Calif. High Court Rules Districts May Charge Fees for Bus Service

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California school districts may charge fees for student bus transportation, the state Supreme Court ruled last week.

The 6-to-1 decision to uphold a state law that authorized such fees likely will spur more financially strapped districts to charge pupils for bus transportation, observers said.

"I know that many districts have been interested in the outcome of this,'' said Priscilla Brown, a San Francisco lawyer who represents 25 districts that have or favor the fees, which typically range from 50 cents to $1 a day round trip.

The state education department had advised districts not to charge for transportation after a lower California court found the law unconstitutional in 1988.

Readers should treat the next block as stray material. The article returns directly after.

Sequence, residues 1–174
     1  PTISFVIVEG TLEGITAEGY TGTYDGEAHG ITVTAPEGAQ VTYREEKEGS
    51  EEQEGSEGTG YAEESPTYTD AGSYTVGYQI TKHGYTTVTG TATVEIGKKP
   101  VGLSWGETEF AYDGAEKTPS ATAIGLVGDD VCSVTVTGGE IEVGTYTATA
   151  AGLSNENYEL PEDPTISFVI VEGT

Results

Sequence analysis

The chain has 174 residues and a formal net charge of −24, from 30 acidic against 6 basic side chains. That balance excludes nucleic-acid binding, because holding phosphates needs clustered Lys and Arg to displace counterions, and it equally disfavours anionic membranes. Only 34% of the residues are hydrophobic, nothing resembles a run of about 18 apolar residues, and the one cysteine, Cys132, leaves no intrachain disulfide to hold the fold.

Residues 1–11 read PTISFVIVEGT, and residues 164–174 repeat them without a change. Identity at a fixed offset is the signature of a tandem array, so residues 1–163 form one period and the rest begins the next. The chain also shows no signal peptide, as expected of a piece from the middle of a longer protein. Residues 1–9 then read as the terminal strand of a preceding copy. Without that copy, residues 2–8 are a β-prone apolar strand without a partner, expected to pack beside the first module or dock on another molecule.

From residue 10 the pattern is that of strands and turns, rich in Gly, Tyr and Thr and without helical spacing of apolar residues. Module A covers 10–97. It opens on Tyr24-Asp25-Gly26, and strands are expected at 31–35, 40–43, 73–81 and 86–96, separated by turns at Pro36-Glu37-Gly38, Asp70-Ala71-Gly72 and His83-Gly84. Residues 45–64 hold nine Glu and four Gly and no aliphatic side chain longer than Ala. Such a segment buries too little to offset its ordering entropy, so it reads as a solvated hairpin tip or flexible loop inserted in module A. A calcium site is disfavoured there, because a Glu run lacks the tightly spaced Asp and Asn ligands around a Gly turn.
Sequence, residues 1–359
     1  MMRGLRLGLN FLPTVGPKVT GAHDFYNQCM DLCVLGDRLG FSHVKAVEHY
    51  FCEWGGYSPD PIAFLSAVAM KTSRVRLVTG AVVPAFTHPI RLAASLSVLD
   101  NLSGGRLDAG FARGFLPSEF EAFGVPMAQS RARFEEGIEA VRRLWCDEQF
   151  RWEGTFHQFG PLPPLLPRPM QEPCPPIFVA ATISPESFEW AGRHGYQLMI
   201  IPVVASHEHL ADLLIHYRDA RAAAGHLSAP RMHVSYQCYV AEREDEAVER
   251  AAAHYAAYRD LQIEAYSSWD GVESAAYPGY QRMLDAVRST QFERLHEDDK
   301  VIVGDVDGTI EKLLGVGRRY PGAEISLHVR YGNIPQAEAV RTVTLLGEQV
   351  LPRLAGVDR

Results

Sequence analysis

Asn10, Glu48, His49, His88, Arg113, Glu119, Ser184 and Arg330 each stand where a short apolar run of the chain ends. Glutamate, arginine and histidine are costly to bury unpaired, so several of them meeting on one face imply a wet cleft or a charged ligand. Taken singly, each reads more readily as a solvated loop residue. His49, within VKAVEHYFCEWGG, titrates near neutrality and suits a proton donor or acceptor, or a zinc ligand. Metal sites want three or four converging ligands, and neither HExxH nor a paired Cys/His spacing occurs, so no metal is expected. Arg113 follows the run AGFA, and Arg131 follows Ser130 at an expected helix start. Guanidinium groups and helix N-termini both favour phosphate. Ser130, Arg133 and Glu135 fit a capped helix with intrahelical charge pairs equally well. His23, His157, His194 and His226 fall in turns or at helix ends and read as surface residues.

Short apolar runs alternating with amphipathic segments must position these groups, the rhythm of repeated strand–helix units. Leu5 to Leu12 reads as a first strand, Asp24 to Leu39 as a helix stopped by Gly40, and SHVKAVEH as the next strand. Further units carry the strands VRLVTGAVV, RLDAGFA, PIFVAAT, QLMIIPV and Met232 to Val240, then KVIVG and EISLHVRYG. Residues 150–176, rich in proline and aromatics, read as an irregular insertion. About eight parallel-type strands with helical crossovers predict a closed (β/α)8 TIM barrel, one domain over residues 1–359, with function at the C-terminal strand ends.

But several districts ignored the advice and charged fees. The 25 districts sued the state education department to clarify whether the law violated the state constitution's guarantees of free public schooling and equal protection under the law.

The March 16 majority opinion by Justice Edward Panelli said that since schools are not required to provide transportation, the service is not a "necessary element'' of free public education.

The law's provision that indigent students do not have to pay the fees means "no child will be denied transportation to school because of poverty,'' he added.

Justice Stanley Mosk dissented, arguing that the law will force some families to choose between "bus fare or grocery money.''

Peter Roos, the lawyer for a group of migrant farm workers who intervened in the suit, said the fees have resulted in erratic school attendance among his clients.

"These indigent exceptions really don't work very well,'' he said. "And there are working poor people for whom paying a fee will be a burden.''

Vol. 11, Issue 27, Page 9

Published in Print: March 25, 1992, as Calif. High Court Rules Districts May Charge Fees for Bus Service
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